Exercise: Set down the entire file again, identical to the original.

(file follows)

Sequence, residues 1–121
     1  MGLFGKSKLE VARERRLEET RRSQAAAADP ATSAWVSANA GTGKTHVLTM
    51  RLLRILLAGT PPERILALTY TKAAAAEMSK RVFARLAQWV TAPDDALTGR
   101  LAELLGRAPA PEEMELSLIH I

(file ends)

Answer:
Sequence, residues 1–121
     1  MGLFGKSKLE VARERRLEET RRSQAAAADP ATSAWVSANA GTGKTHVLTM
    51  RLLRILLAGT PPERILALTY TKAAAAEMSK RVFARLAQWV TAPDDALTGR
   101  LAELLGRAPA PEEMELSLIH I